The cathedral’s original baroque interior consists of three magnificent pieces: the altarpiece, the pulpit and the façade of the organ. These are the first examples of the so-called acanthus baroque in Norway, a breakthrough of this particular style for that era. A motif borrowed from the by both the Hellenes and the Romans. The organ façade passed all renovations untouched and unmoved, being kept even today.
Meanwhile, the exterior originally built in Dutch yellow brick, got all its new additions partially in red, unpainted brick.
In the 19th century, Oslo Cathedral got its current, bronze spire tower, which has since been a famous silhouette of the Oslo cityscape.
Opposite to the church tower, the eastern body of the building has been surrounded by a half square building, gently curved at corners, following the street profile: Basarene ved Oslo domkirke. This is in fact a neo-romanesque style bazaar, with a semi-private gallery margined by arcades and columns to the street. It makes the safe passage between the crowded streets and a chain of restaurants, souvenir shops and cocktail bars.
- 🕐 Opening hours: Saturday-Thursday, 10 am-4 pm; Friday: 4 pm – 11 30 pm.
- 🏚 Address: Karl Johans gate 11, 0154, Oslo, Norway (Google Maps location)
- 📌 Events list: Available here.
Read for free @ the National Library
The National Library of Norway is one Oslo, hidden gem. No doubt, both architectural and cultural. Trust me! Not even the intimidating monumental stone façade will keep you away from that urge of sniffing old printed paper, combined to invaluable access to the ins and outs of history and art of Norway.
The beautiful thing is that the lecture rooms are free and accessible for everyone. Here, you can read an old book on vikings, learn about kegendary trolls, find old lifestyle ways by reading an old paper. Or browse the internet. And if you’ve never used a mikrofilm machine yet, this is the time to do it. It’s quite fun.
Besides that, the National Library of Norway has a permanent, free entrance exhibition: Enlightened. Glimpses of a Norwegian Cultural History. This exhibition has brough to the daylight from the darkest depths of the archives significant of the: “Roald Amundsens letter from The South Pole, the script from the world-famous TV-series Skam, voting ballots from the referendum on monarchy in 1905, and Edvard Grieg’s handwritten sheet music for his Piano concerto in A minor.“
In case you don’t get there, you can always read for free a selection of books and journals online.
If it’s summer, go to the beach
Oslo does have a few cozy, some rather wild even, beaches for summer time fun. So, obviously, one of the free things to do in Oslo is sunbathing and chilling while enjoying a magical view over the Oslo Fjords. In this sense, at the far end of Bygdøy Peninsula, isolated from the busy city life, there is Huk Beach. A popular bathing spot with white sands, surrounded by vegetation and spectacular at sunset.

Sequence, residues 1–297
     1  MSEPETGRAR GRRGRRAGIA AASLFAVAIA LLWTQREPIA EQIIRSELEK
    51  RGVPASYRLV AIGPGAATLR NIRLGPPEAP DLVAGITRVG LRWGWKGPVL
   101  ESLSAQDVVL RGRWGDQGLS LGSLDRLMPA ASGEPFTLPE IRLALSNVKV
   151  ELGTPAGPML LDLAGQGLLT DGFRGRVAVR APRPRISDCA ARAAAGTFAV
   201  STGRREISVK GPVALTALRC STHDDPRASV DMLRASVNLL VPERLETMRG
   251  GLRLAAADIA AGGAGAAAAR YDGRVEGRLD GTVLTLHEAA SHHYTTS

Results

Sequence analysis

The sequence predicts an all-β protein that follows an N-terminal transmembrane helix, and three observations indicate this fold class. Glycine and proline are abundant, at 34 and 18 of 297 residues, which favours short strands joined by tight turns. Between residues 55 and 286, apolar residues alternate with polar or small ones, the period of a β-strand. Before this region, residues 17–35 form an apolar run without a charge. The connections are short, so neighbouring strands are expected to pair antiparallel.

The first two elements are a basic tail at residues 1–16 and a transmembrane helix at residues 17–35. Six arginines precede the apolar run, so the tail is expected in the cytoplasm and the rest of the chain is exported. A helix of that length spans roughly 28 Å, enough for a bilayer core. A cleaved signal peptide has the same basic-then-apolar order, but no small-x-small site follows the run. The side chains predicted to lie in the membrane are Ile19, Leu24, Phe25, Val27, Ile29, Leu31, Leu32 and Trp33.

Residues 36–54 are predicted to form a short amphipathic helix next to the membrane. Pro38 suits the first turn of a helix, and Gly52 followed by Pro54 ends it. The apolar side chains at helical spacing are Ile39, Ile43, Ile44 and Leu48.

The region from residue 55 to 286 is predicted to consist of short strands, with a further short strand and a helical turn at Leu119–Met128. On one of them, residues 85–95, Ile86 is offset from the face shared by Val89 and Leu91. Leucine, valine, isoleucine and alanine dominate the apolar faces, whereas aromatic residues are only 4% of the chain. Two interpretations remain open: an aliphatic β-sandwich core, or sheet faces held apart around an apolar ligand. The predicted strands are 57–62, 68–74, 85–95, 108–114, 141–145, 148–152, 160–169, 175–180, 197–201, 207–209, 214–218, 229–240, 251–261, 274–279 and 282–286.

For a more remote beach, you can always try to access Paradisbukta, around one kilometre by foot from Huk, walking along charming forest paths to the west.
The weather is often moody in Norway. Even in summer time. So, better make sure to check the weather forecast before heading to Bygdøy!
- 🏖️ Address: Bygdøy Peninsula, Oslo, Norway (Google Maps location)
- 🚍 Getting there: Bus route no. 30.
If it’s winter, visit the Christmas Market
Every winter, just steps away from the National Theater, a beautiful Christmas Market magically pops up. The park nearby becomes a winter wonderland for the holiday season. It is one of the cutest and most intimate Chsristmas markets around Europe. And the entrance is free of charge.
Wooden stalls housing lots of cute traditional products from Alpaca socks to marshmallow & ice cream waffles, books revealing the most exciting stories and legends about trolls and Vikings and glass ornaments. From place to place, people gathered around the fire, eating some goodies, socializing. Quite cozy, while 2 reindeer heads tell jokes.
A fairy wheel lifts you up above all the fun stuff and above the beautiful Karl Johans Gate, offering a clear view of the whole city center. At the center of the fun (and market) there is Spikersuppa Ice Skating Rink, a small, intimate, place where you can glide while listening to happiest Christmas songs.
- 📌 Address: Regnbueplassen i Oslo, 0162 Oslo, Norway (Google Maps location
Free things to do in Oslo with a City Pass
How to enjoy lots of things to do in Oslo for less money?
If you’re traveling to Oslo on a budget, for at least 3 days then you can get your Oslo pass, around 80 euro only for those 3 days and enjoy lots of activities. For 80 euro / 3 days you have free transport, free entrance to lots of museum, various discounts to a selection of Oslo restaurants and more. Includes free entrance to: Museum.. The pass is especially profitable in spring as you can enjoy more activities (ferry, some castles that are closed in winter). You can read more in my Oslo Pass Review: Is Oslo Pass worth the money?.